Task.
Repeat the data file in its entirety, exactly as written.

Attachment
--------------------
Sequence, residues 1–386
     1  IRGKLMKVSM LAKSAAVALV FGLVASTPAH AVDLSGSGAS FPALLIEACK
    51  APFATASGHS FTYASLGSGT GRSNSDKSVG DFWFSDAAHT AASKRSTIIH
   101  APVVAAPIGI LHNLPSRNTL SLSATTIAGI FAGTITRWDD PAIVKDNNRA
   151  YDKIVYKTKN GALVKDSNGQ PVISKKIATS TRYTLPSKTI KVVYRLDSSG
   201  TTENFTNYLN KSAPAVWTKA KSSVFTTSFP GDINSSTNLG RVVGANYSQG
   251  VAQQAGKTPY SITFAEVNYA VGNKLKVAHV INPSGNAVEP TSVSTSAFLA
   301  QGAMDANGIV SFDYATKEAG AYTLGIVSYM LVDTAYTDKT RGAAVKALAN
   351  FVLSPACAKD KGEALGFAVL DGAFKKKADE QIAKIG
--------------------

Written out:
Sequence, residues 1–386
     1  IRGKLMKVSM LAKSAAVALV FGLVASTPAH AVDLSGSGAS FPALLIEACK
    51  APFATASGHS FTYASLGSGT GRSNSDKSVG DFWFSDAAHT AASKRSTIIH
   101  APVVAAPIGI LHNLPSRNTL SLSATTIAGI FAGTITRWDD PAIVKDNNRA
   151  YDKIVYKTKN GALVKDSNGQ PVISKKIATS TRYTLPSKTI KVVYRLDSSG
   201  TTENFTNYLN KSAPAVWTKA KSSVFTTSFP GDINSSTNLG RVVGANYSQG
   251  VAQQAGKTPY SITFAEVNYA VGNKLKVAHV INPSGNAVEP TSVSTSAFLA
   301  QGAMDANGIV SFDYATKEAG AYTLGIVSYM LVDTAYTDKT RGAAVKALAN
   351  FVLSPACAKD KGEALGFAVL DGAFKKKADE QIAKIG